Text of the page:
JOHN CHAFFEE: Welcome to the program Critical Thinking,Analyzing Problems and Decisions.I'm John Chaffee, and I teach philosophyand critical thinking at the City University of New York.I am also the author of several textbooks in these areas.This program is designed to introduce youto a critical thinking approach to solving problems and making
JOHN CHAFFEE [continued]: decisions.Our lives are filled with problems to solveand decisions to make, and the quality of our livesis directly related to how well we do these.Thinking critically can help us in solving challenging problemsand making informed decisions, thusenriching our lives in every area, both personal
JOHN CHAFFEE [continued]: and professional.The key to being a successful problemsolver is learning to approach problemsin a thoughtful and organized way.In this program, you will become familiarwith a powerful and effective approachfor solving problems and making decisions.You will also see this critical thinking approach in action
JOHN CHAFFEE [continued]: as we apply it to several challenging situations.
SPEAKER 1: The approach we will be using consists of six steps.Step 1, have I accepted the problem?Step 2, what is the real problem?Step 3, what are my alternatives?Step 4, what are the advantages and disadvantages
SPEAKER 1 [continued]: of the alternatives?Step 5, what is my solution and plan of action?Step 6, how well is my solution working?
JOHN CHAFFEE: The first problem that we will be analyzingis one that almost all of us can relate to,that of procrastination.
SPEAKER 2: As Charles approaches the professorin his critical thinking class, hefinds himself in a familiar position,trying to explain why he won't be handingin the paper that is due on time.His professor surprises Charles by encouraginghim to think critically by treating this late paperas a symptom of a larger problem in his life, procrastination.For the next class, Charles is to bring
SPEAKER 2 [continued]: in a description of his problem, which he will thenanalyze using the problem solving methodthey've been studying in class.This is what Charles writes.I am a procrastinator.Whenever I have something important to do, especiallyif it's difficult or unpleasant, I tend to put it off.Though this chronic delaying bothers me,I try to suppress my concern and instead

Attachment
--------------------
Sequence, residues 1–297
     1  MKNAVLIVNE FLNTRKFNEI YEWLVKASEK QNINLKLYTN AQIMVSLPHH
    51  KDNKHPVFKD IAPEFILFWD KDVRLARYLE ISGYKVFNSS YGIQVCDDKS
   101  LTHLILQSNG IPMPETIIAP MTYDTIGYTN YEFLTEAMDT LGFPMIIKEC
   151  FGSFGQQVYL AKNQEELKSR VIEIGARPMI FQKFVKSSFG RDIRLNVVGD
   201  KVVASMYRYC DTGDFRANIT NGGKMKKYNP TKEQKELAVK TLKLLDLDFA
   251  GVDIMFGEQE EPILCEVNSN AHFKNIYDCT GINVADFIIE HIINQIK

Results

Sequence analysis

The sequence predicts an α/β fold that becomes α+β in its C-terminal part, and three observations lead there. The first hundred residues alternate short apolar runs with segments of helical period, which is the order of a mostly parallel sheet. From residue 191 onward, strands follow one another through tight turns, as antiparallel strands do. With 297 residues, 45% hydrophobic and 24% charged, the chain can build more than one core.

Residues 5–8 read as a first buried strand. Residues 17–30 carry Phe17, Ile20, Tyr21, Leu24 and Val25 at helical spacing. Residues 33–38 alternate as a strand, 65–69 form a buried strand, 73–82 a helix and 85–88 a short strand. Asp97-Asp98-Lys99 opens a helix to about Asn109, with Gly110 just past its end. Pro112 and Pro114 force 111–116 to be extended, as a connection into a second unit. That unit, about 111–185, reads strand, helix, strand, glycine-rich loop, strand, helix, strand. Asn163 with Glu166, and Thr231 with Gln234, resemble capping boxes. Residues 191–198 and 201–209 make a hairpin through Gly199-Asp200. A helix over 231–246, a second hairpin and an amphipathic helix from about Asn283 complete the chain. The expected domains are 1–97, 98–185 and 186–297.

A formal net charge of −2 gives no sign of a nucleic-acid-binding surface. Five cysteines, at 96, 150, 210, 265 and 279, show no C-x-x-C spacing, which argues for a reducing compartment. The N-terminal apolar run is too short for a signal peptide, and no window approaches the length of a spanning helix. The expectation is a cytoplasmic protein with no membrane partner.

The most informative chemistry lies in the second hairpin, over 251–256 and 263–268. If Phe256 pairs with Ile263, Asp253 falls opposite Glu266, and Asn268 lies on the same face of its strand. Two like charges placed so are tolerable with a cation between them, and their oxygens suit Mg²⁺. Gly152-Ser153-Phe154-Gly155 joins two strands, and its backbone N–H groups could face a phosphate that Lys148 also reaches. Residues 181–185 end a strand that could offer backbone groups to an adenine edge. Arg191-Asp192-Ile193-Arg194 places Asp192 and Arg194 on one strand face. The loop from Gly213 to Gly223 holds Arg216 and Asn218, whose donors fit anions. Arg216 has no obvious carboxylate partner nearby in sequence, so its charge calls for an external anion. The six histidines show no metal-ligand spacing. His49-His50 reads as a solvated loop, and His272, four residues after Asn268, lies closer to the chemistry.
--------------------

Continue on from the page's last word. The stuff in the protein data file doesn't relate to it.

SPEAKER 2 [continued]: work on more trivial things.It doesn't matter how much time Iallow for certain responsibilities,I always end up waiting until the last minuteto really focus and get things done,or I over-schedule too many things for the time available.I usually meet my deadlines, but not always,and I don't enjoy working under this kind of pressure.In many cases, I know that I'm not producing my best work.
SPEAKER 2 [continued]: To make matters worse, the feelingthat I'm always behind causes me to feel reallystressed out and undermines my confidence.I've tried every kind of schedule and technique,but my best intentions simply don't last,and I end up slipping into my old habits.I must learn to get my priorities in orderand act on them in an organized wayso that I can lead to a well-balanced and happier life.
JOHN CHAFFEE: I'm here with my friends, Janet and Saul.And today, we're going to be thinkingcritically about problem solving and decision making.We're going to look at several different scenariosand try to think our way through them.The first problem that we're going to look at today
JOHN CHAFFEE [continued]: is one that almost everybody can relate to, procrastination.
JANET: Hm, yeah.
JOHN CHAFFEE: And the first step in the problem-solving approachthat we're going to be using is accepting the problem.If we don't acknowledge and accept that we have a problem,then the problem-solving process never gets off the ground.Yet for some people, this is the most difficult step.Why is that?Why is it difficult for people to acknowledgethat they have a problem?
JANET: Well, and I think people have a natural reluctance notto want to analyze themselves and their behaviors.I mean, why would you want to analyze yourself.I mean, you could uncover some thingsyou don't want to uncover.
SAUL: Right.And it requires you making life changesthat you're not familiar with, that you've never done before.So it's sort of like a new beginning.
JOHN CHAFFEE: Well, we've acknowledgedthat we have a problem.We've committed ourselves to solving it.What are some strategies that we canuse to sustain that commitment?